I've gotten lucky and got around $10k U.S. that I'm willing to experiment with in the stock markets.
I still work full-time and I'm financially stable. I think that stocks can be a "hobby-job" where I'd spend 2-4 hours a day trading. But I don't really know where to buy stocks? How to avoid shady stock-markets?

Let's say I want to try buying some penny stocks for $1K, where do I go? Is it a local or a global thing (do I have the same access to trading while I live in Japan)?

Just to be clear, I want to try doing two things: being a day trader and buy/sell stocks frequently. And I also want to invest in companies that I've researched and build up my finances through more long-term calculated means.

  • 2
    Let's say I want to try buying some penny stocks I'd avoid that or this will be a pretty short term "hobby-job"
    – quid
    Jul 18, 2018 at 3:19
  • @quid thanks for the tip! I'll look into those in-depth before buying anything. I'd like to know more about how they work in the real market and what makes them what they are (and what are win-conditions with penny stocks). But still, thanks for the tip! Jul 18, 2018 at 3:28
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    Re being a day trader, I suggest you go to Las Vegas instead. They'll give you free drinks while you lose your money.
    – jamesqf
    Jul 18, 2018 at 17:02
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    Bear in mind that if you're trading though a broker, you will be paying them for every trade. Unless you are a really good investor, those commissions will exceed any profits you make. So you will slowly and surely lose money.
    – Simon B
    Jul 18, 2018 at 23:40

1 Answer 1


The stock markets are, mostly, in physical locations. The NASDAQ is an example of a market that is entirely virtual. Nonetheless, that has no relevance to your situation with only $10,000. If you wanted to trade on the NYSE you would have to buy a seat on the exchange. That would cost you several million dollars.

What you want to do is open a discount brokerage account. If you are in the US, then E*Trade, TD Ameritrade, or Charles Schwab will work well. Day trading is ill-advised even if you were experienced for several reasons.

First, the trades do not appear on the tape in the order in which they happen, always. In fact, the daily high and low are not the true high or low either. Large orders are taken "off the tape," and are reinserted in whole or in part during the day at such time as the broker-dealer handling the transaction at the weighted average price. People who think they are day trading and seeing this really big signal can be responding to transactions that happened much earlier in the day.

To give a personal example, I entered an order that cleared at a price above the market high. In theory, that should have meant that my order was the highest priced order for the day and the high should have matched my price. My order appeared on the tape at a lower price than I paid because it was averaged in with other orders as part of a block trade and didn't report til later. I only know this because when I realized the price that my order cleared at, I was going to take a screenshot and frame it. Unfortunately, the trade never made the tape and market high price was fifty cents lower per share than what I paid. I have never been the high or low before. I did once buy a major firm at 1/8th above the firm's all-time low price, but that isn't the same as paying the all-time low price. That was a long time ago because we stopped trading in 1/8ths in 2001.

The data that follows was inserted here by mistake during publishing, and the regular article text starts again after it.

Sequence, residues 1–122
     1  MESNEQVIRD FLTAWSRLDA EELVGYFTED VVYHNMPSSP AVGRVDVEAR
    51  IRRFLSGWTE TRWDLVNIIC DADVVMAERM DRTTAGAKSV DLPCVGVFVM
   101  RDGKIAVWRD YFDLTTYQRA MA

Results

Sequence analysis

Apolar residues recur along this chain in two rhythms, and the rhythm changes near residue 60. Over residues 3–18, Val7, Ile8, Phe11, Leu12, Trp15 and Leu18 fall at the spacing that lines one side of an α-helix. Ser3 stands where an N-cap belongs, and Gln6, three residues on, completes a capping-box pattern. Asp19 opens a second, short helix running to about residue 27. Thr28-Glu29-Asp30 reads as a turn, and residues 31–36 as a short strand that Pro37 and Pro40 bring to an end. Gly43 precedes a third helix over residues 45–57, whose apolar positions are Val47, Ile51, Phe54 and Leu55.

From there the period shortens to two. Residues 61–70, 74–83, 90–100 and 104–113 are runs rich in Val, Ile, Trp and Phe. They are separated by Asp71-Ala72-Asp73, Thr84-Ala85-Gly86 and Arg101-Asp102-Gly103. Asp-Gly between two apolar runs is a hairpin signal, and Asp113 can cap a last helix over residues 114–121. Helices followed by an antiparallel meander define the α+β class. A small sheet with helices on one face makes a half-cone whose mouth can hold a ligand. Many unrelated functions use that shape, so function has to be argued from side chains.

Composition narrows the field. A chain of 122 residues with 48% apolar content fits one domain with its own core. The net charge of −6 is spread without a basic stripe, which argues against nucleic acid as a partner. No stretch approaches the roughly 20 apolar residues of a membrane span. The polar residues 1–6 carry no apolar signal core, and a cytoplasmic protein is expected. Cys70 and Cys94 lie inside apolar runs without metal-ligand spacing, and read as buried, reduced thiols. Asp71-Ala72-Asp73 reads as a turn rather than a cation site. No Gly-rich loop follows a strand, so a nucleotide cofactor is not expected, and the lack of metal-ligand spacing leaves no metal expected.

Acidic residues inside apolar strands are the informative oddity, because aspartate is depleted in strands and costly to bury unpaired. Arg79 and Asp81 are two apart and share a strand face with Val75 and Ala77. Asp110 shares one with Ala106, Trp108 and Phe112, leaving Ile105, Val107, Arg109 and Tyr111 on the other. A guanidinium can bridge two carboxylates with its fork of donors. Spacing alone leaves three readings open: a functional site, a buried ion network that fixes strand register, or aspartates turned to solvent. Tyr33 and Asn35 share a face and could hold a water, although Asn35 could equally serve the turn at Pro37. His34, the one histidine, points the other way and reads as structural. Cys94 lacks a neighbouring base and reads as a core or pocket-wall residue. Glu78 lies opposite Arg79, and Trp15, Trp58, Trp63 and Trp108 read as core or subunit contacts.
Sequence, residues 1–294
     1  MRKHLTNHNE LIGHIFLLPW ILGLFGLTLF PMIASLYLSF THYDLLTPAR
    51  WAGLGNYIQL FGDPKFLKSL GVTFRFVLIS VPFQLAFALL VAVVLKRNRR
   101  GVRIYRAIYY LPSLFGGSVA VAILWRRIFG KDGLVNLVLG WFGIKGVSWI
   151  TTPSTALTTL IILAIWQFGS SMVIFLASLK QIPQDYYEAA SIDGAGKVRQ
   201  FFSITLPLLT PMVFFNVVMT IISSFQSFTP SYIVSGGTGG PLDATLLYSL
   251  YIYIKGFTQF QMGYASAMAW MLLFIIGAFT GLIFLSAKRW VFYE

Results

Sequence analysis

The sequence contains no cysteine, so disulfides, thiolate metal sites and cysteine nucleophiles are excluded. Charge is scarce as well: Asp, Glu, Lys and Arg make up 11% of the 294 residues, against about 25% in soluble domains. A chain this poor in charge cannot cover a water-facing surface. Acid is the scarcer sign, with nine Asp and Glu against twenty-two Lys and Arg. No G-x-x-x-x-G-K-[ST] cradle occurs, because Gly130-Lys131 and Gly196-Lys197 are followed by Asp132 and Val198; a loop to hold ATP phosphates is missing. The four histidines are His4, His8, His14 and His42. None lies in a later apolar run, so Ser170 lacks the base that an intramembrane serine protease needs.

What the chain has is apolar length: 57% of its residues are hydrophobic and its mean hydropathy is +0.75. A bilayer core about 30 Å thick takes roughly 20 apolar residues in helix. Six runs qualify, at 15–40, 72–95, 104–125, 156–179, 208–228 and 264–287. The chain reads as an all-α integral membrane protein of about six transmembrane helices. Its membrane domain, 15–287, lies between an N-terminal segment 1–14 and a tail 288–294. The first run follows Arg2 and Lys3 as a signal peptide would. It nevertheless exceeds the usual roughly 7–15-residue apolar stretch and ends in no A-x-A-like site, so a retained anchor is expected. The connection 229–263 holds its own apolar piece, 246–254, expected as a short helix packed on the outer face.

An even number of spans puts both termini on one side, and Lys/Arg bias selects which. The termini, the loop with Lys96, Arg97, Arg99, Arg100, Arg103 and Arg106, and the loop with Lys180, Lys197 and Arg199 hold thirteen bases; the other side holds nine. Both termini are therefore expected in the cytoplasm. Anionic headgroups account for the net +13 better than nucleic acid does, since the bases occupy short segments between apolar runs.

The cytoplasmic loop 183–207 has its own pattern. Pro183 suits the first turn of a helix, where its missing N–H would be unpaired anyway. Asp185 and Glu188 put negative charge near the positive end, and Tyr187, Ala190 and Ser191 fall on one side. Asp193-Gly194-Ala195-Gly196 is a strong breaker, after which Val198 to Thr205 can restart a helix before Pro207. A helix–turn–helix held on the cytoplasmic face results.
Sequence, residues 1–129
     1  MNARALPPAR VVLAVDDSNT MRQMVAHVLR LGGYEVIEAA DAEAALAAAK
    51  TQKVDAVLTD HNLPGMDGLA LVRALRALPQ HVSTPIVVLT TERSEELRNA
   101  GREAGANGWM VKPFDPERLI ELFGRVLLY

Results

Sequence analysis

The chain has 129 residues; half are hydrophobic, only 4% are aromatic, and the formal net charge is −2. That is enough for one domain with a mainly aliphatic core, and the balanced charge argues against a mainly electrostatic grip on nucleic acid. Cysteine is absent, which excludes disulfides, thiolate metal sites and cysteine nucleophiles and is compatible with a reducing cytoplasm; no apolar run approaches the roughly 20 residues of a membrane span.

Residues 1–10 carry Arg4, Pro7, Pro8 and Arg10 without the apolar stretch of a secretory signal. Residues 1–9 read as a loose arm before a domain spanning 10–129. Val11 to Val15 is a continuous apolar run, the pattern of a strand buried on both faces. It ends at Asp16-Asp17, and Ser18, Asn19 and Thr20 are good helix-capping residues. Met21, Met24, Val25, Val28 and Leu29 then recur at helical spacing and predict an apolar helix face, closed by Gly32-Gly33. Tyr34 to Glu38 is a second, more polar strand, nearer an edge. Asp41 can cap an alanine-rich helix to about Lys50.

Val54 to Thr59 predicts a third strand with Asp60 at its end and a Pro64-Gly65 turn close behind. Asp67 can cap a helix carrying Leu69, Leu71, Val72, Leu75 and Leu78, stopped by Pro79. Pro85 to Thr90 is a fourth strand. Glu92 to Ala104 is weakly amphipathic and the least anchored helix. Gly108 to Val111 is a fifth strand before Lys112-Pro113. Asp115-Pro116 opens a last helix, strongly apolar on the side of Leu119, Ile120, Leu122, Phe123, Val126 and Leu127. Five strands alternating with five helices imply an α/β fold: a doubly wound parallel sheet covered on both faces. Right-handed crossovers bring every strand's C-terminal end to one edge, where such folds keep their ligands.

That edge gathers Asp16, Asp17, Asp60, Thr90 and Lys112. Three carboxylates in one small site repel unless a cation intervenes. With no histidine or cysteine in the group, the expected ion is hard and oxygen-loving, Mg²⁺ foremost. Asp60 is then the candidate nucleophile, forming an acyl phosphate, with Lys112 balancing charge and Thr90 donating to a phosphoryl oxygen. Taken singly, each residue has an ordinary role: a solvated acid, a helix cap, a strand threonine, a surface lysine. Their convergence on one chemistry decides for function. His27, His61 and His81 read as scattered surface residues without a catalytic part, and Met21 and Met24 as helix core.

The second reason is that you haven't yet learned the rules. If you had, you wouldn't be trying to day trade.

For you, the stock market happens wherever you have your computer. Open a discount brokerage account. Your better bet is to learn to buy securities under a rule that you cannot look at your computer more than once every second Wednesday. A lot can happen between two Wednesdays that will be out of your control. If your trades can survive your absence, you will do fine. If you have to look at it every second of the day, better make sure you never have a heart attack and that you never slip on ice or have a motor vehicle accident.

If you do decide to day trade, just know that I or someone like me is out there scooping up all the money you are dropping on the floor as you day trade. It would be quicker if you would just write me a check for the money. Hours per day losing little bits here and there will take you a lot of time. I could use a vacation and $10k would get me a cruise.

Please pick up a copy of The Intelligent Investor, by Benjamin Graham and an undergraduate accounting textbook. I won't get a vacation paid for by you, but you might get a vacation paid for by someone else. Cruises are nice.

  • I've just finished reading "The Intelligent Investor" and I've taken a Financial Accounting course in my undergrad. What other good books do you suggest getting? Thank you.
    – ToniAz
    Jul 18, 2018 at 16:15
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    @toniaz There are two variants on Graham and Dodd's Security Analysis to consider. Cottle's 1987 version which helps a lot if you are new or the current reprint of the 1943 edition filled with commentary to update it ro modern accounting rules. Beyond that, you should pick up a book on securities law, regulation and customs. They really do matter. Finally, you should get a book on liquidity management. Read Ashok Abbott's chapter in the Valuation Handbook. It's brilliant. Jul 18, 2018 at 16:52
  • I will look into those. Much appreciated.
    – ToniAz
    Jul 18, 2018 at 17:21
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    "You can never slip on ice or have a motor vehicle accident if you are always at the computer trading stocks." taps forehead (and also, obligatory <humor meme> tag)
    – user12515
    Feb 13, 2020 at 20:46

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